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Study Skills- Reflective Writing

A study skills guide on developing your reflective writing at university.

What is Reflection?

'Reflection is a purposeful activity in which you analyse experiences, or of your own practice / skills/ responses, in order to learn and improve' (University of Birmingham, 2015, p. 2). 

The definition above highlights the purpose and benefits of reflection as well as some key elements:

  • Reflecting allows us to look back on an experience with purpose or intent, often to understand it more fully or improve in some way
  • It encourages us to analyse and evaluate the situation and our role in it. Essentially, thinking critically about the situation as opposed to passively recalling it.
  • Reflecting is an opportunity to learn and improve, so we are also looking forward. When reflecting we are considering what went well and what we could have done differently so we can apply this learning to future events.

Many of us do these things naturally, for example when commuting or driving home you might reflect on the day, identify your successes and think about what you would do differently if you could. An academic reflection, however, formalises these kinds of thoughts into something more structured, evidenced and often written. 

Reflection is purposefully considering an experience or particular subject. Formal reflection can feel uncomfortable at time as you are expected to consider a past experience, honestly. This may mean that you are considering what you would change next time.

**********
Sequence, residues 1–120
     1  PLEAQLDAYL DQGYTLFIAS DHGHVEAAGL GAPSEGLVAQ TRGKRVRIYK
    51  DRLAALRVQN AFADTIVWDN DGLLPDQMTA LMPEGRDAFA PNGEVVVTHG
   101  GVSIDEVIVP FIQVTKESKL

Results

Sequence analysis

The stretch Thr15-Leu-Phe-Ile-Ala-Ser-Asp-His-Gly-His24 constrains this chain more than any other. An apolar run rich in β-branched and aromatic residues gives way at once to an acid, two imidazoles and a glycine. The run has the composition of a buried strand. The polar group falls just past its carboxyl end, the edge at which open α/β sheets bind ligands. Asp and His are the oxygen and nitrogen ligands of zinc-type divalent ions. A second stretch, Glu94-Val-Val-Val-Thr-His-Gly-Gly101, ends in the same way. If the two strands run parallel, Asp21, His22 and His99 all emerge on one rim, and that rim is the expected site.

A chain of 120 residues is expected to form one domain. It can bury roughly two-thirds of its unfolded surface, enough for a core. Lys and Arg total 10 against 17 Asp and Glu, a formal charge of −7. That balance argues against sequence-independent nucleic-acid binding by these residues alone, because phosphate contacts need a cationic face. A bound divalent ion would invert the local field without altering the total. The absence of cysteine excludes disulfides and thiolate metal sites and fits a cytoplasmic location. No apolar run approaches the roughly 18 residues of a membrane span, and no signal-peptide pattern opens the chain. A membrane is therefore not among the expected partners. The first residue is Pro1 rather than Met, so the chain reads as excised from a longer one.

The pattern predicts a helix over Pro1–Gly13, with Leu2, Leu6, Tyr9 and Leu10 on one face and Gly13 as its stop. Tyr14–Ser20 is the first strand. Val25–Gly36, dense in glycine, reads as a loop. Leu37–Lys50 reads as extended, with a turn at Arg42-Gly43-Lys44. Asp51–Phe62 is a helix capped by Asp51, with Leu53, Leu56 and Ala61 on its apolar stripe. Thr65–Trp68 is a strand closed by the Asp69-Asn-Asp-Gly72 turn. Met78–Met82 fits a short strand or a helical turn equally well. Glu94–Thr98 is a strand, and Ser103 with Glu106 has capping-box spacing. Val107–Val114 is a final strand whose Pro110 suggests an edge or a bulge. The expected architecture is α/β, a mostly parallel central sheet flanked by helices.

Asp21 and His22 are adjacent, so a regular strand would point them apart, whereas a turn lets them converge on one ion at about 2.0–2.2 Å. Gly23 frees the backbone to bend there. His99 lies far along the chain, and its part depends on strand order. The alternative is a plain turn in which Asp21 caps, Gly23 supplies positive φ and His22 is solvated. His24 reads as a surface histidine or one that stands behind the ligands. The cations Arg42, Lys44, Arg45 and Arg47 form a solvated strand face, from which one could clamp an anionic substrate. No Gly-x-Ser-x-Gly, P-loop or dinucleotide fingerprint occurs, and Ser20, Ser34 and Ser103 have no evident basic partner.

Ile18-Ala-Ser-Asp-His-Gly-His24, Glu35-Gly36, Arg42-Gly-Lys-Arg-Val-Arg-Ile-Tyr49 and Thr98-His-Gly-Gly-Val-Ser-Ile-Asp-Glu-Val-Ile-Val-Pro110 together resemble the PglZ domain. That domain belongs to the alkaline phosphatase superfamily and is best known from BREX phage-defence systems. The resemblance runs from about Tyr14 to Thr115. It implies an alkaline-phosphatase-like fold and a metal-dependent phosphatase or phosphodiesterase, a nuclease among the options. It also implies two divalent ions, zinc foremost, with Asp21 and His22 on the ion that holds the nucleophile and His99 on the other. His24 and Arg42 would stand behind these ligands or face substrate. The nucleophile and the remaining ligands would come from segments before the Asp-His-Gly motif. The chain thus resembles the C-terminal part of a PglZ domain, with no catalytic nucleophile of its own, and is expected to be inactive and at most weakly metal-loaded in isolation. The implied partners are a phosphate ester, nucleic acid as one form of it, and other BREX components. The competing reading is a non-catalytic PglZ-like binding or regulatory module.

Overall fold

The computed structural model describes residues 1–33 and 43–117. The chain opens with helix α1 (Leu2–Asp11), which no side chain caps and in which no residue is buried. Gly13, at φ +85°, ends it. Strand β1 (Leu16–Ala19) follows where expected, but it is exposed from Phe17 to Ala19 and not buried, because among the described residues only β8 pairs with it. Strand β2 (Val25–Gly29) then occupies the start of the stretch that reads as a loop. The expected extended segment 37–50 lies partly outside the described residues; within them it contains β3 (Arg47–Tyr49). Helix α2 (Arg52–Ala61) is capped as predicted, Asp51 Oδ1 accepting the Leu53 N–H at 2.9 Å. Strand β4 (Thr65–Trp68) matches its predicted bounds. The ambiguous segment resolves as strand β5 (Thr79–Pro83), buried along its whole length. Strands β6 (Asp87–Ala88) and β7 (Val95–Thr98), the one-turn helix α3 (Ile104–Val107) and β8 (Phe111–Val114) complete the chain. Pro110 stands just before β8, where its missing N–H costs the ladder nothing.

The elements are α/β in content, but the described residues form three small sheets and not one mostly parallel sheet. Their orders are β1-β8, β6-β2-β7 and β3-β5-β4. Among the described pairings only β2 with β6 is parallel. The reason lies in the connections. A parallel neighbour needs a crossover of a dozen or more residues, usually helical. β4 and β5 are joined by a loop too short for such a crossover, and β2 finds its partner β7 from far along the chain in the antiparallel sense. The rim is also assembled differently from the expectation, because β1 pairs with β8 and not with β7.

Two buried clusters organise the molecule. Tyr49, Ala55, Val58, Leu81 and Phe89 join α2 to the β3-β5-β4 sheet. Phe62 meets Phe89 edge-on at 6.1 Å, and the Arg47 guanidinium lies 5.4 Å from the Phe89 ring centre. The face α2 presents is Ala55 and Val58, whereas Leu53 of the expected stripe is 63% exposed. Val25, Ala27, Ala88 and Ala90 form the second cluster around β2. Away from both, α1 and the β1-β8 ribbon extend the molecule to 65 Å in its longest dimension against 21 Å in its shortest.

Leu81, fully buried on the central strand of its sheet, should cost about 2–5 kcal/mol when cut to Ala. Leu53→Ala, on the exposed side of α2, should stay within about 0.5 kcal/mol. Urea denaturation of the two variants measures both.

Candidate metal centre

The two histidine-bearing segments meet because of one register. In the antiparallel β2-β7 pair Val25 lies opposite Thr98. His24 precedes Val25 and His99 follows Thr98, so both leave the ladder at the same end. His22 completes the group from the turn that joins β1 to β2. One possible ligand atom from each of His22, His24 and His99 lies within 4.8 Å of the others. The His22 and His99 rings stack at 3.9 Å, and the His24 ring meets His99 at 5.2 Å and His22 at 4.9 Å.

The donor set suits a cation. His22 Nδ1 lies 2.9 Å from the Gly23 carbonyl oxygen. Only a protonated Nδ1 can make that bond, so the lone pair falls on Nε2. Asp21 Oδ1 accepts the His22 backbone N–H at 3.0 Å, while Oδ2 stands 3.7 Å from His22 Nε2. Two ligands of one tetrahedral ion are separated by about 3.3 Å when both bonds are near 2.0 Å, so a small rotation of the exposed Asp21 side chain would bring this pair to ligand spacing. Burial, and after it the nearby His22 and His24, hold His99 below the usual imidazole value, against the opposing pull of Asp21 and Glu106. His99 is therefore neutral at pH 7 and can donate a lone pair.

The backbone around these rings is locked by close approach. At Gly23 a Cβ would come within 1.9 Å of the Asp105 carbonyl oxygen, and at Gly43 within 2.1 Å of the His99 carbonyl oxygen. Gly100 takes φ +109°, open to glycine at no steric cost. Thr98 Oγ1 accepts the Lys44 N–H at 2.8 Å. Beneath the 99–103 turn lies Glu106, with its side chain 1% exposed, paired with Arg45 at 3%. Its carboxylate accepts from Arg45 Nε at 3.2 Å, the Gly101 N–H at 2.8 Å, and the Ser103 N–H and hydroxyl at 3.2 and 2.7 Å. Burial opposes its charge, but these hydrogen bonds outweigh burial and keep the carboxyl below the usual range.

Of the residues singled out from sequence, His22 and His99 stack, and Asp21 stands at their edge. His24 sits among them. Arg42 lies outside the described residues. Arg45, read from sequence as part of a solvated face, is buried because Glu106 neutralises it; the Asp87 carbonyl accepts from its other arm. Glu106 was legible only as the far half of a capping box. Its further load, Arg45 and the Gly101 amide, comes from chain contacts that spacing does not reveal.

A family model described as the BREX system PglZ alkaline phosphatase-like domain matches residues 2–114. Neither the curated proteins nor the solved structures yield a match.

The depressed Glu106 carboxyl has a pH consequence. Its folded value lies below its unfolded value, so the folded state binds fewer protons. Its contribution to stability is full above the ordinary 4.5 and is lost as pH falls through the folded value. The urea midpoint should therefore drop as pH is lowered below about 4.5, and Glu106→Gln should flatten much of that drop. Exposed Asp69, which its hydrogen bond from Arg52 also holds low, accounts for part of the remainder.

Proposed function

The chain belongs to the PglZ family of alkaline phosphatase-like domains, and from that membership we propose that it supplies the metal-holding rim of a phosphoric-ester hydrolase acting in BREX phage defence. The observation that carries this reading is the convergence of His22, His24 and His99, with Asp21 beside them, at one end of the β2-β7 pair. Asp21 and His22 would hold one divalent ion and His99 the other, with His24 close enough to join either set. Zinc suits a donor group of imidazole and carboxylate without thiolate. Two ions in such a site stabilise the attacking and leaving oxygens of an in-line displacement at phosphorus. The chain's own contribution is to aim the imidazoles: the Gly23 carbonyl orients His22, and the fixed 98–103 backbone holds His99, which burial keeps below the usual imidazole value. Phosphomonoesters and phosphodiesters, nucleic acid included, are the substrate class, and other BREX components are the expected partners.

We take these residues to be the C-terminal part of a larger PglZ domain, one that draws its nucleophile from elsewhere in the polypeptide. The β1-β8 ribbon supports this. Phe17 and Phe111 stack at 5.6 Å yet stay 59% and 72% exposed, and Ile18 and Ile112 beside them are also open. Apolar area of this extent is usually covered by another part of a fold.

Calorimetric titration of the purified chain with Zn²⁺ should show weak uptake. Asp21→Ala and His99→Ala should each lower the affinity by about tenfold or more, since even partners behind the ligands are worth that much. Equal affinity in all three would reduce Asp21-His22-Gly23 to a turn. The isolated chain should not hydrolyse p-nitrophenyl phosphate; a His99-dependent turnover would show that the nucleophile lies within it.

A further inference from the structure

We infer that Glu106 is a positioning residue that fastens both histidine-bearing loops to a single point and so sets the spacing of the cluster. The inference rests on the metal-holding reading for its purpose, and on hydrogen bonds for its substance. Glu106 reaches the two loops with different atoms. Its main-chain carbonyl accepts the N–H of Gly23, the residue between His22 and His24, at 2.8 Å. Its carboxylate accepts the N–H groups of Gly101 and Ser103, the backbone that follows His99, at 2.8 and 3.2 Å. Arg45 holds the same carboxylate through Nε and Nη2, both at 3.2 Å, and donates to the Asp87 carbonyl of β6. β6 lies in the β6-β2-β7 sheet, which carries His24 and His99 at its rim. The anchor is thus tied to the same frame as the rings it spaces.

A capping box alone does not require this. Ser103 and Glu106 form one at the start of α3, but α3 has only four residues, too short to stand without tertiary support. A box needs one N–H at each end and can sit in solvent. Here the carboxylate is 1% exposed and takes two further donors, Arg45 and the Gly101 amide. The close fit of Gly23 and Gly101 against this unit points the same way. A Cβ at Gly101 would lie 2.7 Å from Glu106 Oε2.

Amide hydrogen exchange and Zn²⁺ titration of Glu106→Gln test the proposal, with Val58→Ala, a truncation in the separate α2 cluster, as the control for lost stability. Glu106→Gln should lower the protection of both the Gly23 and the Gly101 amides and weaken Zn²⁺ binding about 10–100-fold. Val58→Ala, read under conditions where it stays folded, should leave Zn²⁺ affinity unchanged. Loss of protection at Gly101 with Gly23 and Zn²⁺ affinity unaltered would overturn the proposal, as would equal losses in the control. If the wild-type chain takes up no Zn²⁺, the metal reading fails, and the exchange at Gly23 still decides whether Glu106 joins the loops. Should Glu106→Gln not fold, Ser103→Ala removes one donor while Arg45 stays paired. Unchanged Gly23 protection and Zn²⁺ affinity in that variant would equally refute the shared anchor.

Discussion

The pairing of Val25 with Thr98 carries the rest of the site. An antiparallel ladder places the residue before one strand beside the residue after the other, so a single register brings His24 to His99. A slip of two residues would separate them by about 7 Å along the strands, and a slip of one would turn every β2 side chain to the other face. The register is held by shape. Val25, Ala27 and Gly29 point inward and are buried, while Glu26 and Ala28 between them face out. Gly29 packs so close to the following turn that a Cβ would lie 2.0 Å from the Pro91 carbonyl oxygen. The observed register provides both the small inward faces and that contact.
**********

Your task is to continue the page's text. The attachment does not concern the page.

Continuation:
It may feel less daunting if you acknowledge that you reflect on a daily basis and make changes, what is required at university is just a more formal process. 

So, we can add some more key features to the list above:

  • Often models or theories are used to structure the reflection, some common ones might be Gibbs' or Schön's reflective models (we'll look a little at these later).
  • Academic reflections require evidence to support your thinking. Evidence and literature is included to help you to reflect more objectively and to offer a different perspective to your own.
  • Reflections are often written in a formal style, using academic language and referencing.

Introduction

We reflect on activities throughout our lives that may be challenging or unexpected. When thinking of an event, we do not consider it in isolation but put it into context. Did we behave differently due to being tired for example?

When reflecting it is important to ensure that you introduce the topic. 

This might include starting by answering questions such as WHAT happened, WHEN did it take place and WHO was there?

However these questions are descriptive and it is important to ensure that you are critical in your reflective writing. 

This might include asking questions such as WHY did the event occur, HOW did it happen or SO WHAT

 

Discover more about developing your reflective writing skills in the video below:

When writing critically it could be helpful to consider the Plymouth Model of Critical Thinking. It is a structure that is designed to help you move from descriptive to analytical and evaluative questions. 

It can be applied to your whole reflective assignment or individual paragraphs to ensure that you do not miss key analysis from your work. 

A link to the Plymouth Model and a link to resources to support you in being critical are below, along with a quiz about critical and descriptive writing- can you identify the difference? 

References

Hull University Library (2014) Reflective writing. Available at: https://www.youtube.com/watch?v=b1eEPp5VSIY&t=26s (Accessed: 3 August 2023). 

Plymouth University (ND) Critical thinking. Available at: https://archive.learnhigher.ac.uk/resources/files/Critical%20thinking/8%20Critical%20Thinking.pdf (Accessed: 28 May 2024).

University of Birmingham (2015) A short guide to reflective writing. Available at: https://intranet.birmingham.ac.uk/as/libraryservices/library/asc/documents/public/short-guide-reflective-writing.pdf (Accessed: 8 August 2023).